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ISU alum describes tense times in Washington as a New York Times political reporter

Carl Hulse at WGLT
Eric Stock
Carl Hulse

A New York Times political reporter says it's a tense time in Washington as the United States prepares for a potential Russian invasion of Ukraine.

Carl Hulse is an Illinois State University alum. He has covered Congress and the U.S. Supreme Court during six administrations during his time in the nation’s capital.

Hulse said those tensions have helped unify Republicans and Democrats to some degree, but they don't all agree on sanctions against Russia.

“There is a part of the Republican Party right now that’s also saying ‘We don’t need to be doing this, we don’t want to be involved,’ but I would say that’s not the majority view of the Republicans – certainly in the Senate and a large number in the House,” Hulse said in a WGLT Sound Ideas interview.

Hulse, an Ottawa, Ill., native, has returned to campus to receive the university's alumni achievement award Thursday night. (The snowstorm canceled the awards dinner.)

Senate Foreign Relations Committee Ranking Member Jim Risch, R-Idaho, is surrounded by reporters asking about the crisis in Ukraine, at the Capitol in Washington, Tuesday, Feb. 15, 2022. (AP Photo/J. Scott Applewhite)
J. Scott Applewhite
Senate Foreign Relations Committee Ranking Member Jim Risch, R-Idaho, is surrounded by reporters asking about the crisis in Ukraine, at the Capitol in Washington, Tuesday, Feb. 15, 2022.

Hulse said the GOP has a “very pronounced” split. He said you can see that in how party leaders disagree over the framing of the Jan. 6 insurrection.

“The hard right is really hard right and (Senate Minority Leader) Mitch McConnell and other Republican senators, they were there for Jan. 6 and they do not want to entertain the idea that that was somehow some sort of legitimate political discourse,” Hulse said.

Hulse said the stories he’s most interested in following this year are the midterm elections and the U.S. Supreme Court vacancy. He said he sees plenty of intrigue in President Joe Biden’s planned nomination of the first Black woman to serve on the high court, even if Democrats presumably have the votes they need for confirmation and the appointment wouldn’t shift the conservative balance on the court.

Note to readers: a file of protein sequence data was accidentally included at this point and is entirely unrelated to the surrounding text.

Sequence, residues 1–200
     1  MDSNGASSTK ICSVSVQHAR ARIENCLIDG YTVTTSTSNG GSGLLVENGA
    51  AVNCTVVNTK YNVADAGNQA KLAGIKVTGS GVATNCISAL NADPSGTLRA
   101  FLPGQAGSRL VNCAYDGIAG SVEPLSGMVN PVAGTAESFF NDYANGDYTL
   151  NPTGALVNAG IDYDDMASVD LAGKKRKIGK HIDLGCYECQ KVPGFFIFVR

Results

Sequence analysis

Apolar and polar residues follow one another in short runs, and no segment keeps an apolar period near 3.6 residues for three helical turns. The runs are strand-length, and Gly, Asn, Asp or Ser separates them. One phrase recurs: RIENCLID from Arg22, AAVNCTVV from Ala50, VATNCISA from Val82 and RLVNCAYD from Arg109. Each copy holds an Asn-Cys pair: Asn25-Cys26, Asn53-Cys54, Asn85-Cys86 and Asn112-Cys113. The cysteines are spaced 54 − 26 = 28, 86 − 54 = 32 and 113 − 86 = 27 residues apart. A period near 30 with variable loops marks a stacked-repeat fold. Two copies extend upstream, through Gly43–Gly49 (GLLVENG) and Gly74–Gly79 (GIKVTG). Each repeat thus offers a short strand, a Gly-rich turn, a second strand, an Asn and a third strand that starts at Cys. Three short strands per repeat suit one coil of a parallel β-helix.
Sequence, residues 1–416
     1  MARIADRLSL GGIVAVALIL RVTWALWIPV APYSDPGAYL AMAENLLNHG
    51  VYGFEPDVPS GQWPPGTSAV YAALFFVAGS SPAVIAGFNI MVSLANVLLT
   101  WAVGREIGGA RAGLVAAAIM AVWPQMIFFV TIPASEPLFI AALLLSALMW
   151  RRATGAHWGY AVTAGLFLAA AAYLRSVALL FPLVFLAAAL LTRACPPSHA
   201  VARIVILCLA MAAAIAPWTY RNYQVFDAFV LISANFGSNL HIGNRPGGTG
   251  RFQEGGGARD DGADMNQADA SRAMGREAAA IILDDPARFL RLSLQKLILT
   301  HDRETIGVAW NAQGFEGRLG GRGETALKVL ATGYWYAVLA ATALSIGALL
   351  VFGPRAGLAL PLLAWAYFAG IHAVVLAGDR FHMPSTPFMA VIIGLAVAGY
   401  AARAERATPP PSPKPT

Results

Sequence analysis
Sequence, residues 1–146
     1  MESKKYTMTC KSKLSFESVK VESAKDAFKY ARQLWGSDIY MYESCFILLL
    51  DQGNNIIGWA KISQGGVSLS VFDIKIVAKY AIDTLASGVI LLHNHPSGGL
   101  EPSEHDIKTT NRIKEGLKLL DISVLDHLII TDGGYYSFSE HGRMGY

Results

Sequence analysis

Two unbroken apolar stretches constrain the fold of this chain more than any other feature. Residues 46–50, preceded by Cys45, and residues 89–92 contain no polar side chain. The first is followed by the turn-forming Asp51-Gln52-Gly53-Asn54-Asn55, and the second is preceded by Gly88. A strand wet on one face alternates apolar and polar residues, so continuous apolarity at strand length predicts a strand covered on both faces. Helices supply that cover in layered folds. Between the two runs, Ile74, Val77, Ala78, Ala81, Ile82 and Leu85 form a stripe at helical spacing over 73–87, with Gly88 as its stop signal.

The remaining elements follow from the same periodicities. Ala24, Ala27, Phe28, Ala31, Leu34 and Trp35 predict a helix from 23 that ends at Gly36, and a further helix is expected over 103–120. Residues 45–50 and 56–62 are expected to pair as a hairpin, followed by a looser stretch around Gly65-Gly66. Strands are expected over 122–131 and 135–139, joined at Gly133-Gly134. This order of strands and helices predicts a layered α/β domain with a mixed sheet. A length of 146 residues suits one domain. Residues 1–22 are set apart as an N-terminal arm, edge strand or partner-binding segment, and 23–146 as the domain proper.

“These things have a way of changing," he said. "I think any way you cut it, it’s an historic appointment. I’m on the side of this is overdue.”

State of journalism

Hulse added a rise in partisan media outlets has made some lawmakers more hesitant to talk to reporters.

“This is on both the left and the right, they are very skeptical of us and want to gravitate toward outlets that they know are more in line with their thinking. That can make it difficult,” Hulse said.

Hulse said the journalism industry remains in flux. He said reporters today have to produce a lot more content for digital and traditional platforms and perform real-time fact-checking.

He defended the media against claims that it should focus more on policy and less on political horse races. “I think people tend to overlook the policy stories we do,” Hulse said. “Some folks think that’s boring. Some people think it’s great. I try to find a good mix.”

Hulse said he got his start in journalism reporting for ISU's student newspaper, the Vidette, in the 1970s.

Despite job cuts and resizing in many newsrooms across the country, he’s bullish on the industry for aspiring reporters. “It’s a good time to be looking for work. We’ve has this weird realignment in the labor force. There are jobs out there for people,” Hulse said.

His advice for aspiring reporters: “Read everything you can get your hands on and write a lot.”

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Eric Stock is the News Director at WGLT. You can contact Eric at ejstoc1@ilstu.edu.
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